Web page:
Categories: World

With the advantage of a nationalist party, Italy goes to the polls this Sunday (25)

With the advantage of a nationalist party, Italy goes to the polls this Sunday (25)

Italians are voting on Sunday in national elections in which the far-right Brothers of Italy party – led by Giorgia Meloni, who could become the country’s premier – looks set to make big gains after the collapse of two governments since the last election.

His ultraconservative party, whose origins lie in post-war fascism, currently controls just two of Italy’s 20 regions and won just 4.5% of the vote in the 2018 elections.

But since the collapse of former prime minister Mario Draghi’s coalition earlier this year – which triggered the snap elections – the Brothers of Italy have only grown in popularity, with recent polls suggesting nearly a quarter of the electorate supporting the party.

By midday, voter turnout in Italy was slightly lower than during the previous election in 2018, according to data published Sunday by the Italian Interior Ministry.

This Sunday, the polls will remain open until 23:00 local time (18:00 GMT). The 2018 vote resulted in a suspended parliament.

Who is Giorgia Meloni and the origin of her popularity

Meloni, a 45-year-old mother from Rome who campaigned under the slogan “God, Country and Family”, leads a party whose agenda is rooted in Euroscepticism, anti-immigration policies and which has also proposed watering down LGBTQIA+ rights and abortion. .

His astronomical rise in popularity is a reflection of Italy’s long-standing rejection of mainstream politics, seen more recently with the country’s support of anti-establishment parties such as the Five Star Movement and Matteo Salvini’s League.

Meloni’s partners in Italy’s centre-right political alliance, Forza Italia’s Salvini and Silvio Berlusconi, are partly responsible for his popularity.

In 2008, Berlusconi named her his Minister of Sport, making her the youngest minister to hold that role.

And in the 2018 elections, Meloni was Salvini’s partner in the center-right alliance. But this time, she is in charge and has hinted that if elected, she might not give Salvini a ministerial portfolio – which would strip him of the power to potentially topple his government.

Democratic Party and its alliances

Trailing in recent polls is the centre-left coalition, led by the left-wing Democratic Party and centrist +Europe parties. The parties formed an alliance with another centrist party, Azione, after Draghi’s resignation to counter a shift to the right, but it broke soon after its formation, opening the doors even further to Meloni.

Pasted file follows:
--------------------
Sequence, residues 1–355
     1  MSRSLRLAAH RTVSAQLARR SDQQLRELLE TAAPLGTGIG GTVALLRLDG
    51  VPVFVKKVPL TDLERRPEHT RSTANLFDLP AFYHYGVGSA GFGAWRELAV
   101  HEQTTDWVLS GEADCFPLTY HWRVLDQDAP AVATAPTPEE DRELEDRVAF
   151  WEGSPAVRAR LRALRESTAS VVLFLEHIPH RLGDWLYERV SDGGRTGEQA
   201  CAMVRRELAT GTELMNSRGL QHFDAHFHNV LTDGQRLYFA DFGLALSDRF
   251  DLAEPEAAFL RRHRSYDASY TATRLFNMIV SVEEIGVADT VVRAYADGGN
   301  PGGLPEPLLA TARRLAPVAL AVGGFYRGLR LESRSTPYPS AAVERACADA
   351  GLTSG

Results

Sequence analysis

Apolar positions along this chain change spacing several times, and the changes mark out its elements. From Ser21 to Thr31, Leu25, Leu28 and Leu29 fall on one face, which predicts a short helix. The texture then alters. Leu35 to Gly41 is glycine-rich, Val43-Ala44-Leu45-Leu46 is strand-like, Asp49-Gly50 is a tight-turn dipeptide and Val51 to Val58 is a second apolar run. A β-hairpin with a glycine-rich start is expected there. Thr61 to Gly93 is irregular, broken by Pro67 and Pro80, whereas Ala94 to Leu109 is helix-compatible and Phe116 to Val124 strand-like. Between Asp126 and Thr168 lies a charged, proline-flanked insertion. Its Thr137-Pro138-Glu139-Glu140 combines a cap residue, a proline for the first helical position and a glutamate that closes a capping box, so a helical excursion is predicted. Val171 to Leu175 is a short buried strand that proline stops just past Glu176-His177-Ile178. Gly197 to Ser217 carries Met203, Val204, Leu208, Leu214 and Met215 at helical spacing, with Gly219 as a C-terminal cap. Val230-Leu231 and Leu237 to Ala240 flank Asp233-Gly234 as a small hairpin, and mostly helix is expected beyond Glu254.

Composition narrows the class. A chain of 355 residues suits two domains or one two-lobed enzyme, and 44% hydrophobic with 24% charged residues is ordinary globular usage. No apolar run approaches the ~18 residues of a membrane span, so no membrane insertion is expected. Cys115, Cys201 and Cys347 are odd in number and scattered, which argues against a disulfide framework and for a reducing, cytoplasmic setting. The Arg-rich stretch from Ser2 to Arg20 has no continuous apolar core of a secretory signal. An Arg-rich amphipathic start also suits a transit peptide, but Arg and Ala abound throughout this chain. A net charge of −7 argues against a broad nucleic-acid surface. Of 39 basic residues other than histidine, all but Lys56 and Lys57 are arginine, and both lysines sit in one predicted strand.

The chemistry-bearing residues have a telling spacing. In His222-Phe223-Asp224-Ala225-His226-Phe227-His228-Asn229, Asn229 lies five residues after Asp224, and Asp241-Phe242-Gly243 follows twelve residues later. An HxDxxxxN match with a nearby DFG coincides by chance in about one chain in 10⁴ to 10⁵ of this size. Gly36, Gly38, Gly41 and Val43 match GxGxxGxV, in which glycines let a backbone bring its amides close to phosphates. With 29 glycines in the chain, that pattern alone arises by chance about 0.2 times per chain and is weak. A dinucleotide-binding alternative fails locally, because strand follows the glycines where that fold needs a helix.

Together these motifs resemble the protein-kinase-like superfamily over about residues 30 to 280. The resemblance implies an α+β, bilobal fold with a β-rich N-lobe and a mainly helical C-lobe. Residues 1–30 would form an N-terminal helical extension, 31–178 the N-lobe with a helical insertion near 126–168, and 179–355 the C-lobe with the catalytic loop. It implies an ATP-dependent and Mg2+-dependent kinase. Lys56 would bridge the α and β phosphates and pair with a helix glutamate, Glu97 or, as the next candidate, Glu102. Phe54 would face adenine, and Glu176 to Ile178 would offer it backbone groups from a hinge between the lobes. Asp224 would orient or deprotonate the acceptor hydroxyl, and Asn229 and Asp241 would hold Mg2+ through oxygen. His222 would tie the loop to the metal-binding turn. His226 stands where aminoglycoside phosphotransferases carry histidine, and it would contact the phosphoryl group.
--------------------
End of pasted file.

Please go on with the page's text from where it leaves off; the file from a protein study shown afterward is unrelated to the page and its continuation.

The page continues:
The election backlog was dominated by controversial issues, including Italy’s cost-of-living crisis, a €209 billion package from the European Covid-19 recovery fund and the country’s support for Ukraine.

Meloni placements

Meloni differs from Berlusconi and Salvini on a number of issues, including Ukraine, and has no connection to Russian President Vladimir Putin, unlike his partners, who have said they would like to review sanctions against Russia because of its impact on the economy. italian.

Meloni has been steadfast in his support for Ukraine’s defense.

The Democratic Party, led by former Prime Minister Enrico Letta, strongly opposes Putin and his war in Ukraine, openly supports LGBTQIA+ rights, including same-sex marriage – which was legalized in 2016 in Italy – and the legislation to combat homophobia.

Meloni’s policy, however, does not mean she is necessarily interested in promoting women’s rights.

Emiliana De Blasio, advisor for diversity and inclusion at LUISS University in Rome, told CNN that Meloni’s politics is more important than her gender, but that she has not proven herself to be a feminist.

“We need to reflect on the fact that Giorgia Meloni is not raising every question about women’s rights and empowerment in general,” she said.

Far right in other countries

The Italian elections come as other far-right parties in other European countries have marked recent gains.

In France, despite the fact that far-right candidate Marine Le Pen lost the French presidential election to Emmanuel Macron in April, her supporters were heartened by her participation in the popular vote, which shifted France’s political center dramatically to the right.

And in Sweden, the anti-immigration Swedish Democrats, a party with neo-Nazi roots, is expected to play a major role in the new government after winning the second-largest share of seats in a general election earlier this month.

If Meloni’s party wins, it can confirm that the resurgent populist wave sweeping Europe could be here to stay.

*Barbie Latza Nadeau and Luke McGee, from CNN

Source: CNN Brasil